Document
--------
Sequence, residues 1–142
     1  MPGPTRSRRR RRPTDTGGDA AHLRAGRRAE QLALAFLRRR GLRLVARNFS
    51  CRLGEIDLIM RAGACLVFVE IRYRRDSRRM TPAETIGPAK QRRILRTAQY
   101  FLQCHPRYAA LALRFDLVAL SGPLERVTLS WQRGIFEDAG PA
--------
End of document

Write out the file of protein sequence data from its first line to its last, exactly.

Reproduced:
Sequence, residues 1–142
     1  MPGPTRSRRR RRPTDTGGDA AHLRAGRRAE QLALAFLRRR GLRLVARNFS
    51  CRLGEIDLIM RAGACLVFVE IRYRRDSRRM TPAETIGPAK QRRILRTAQY
   101  FLQCHPRYAA LALRFDLVAL SGPLERVTLS WQRGIFEDAG PA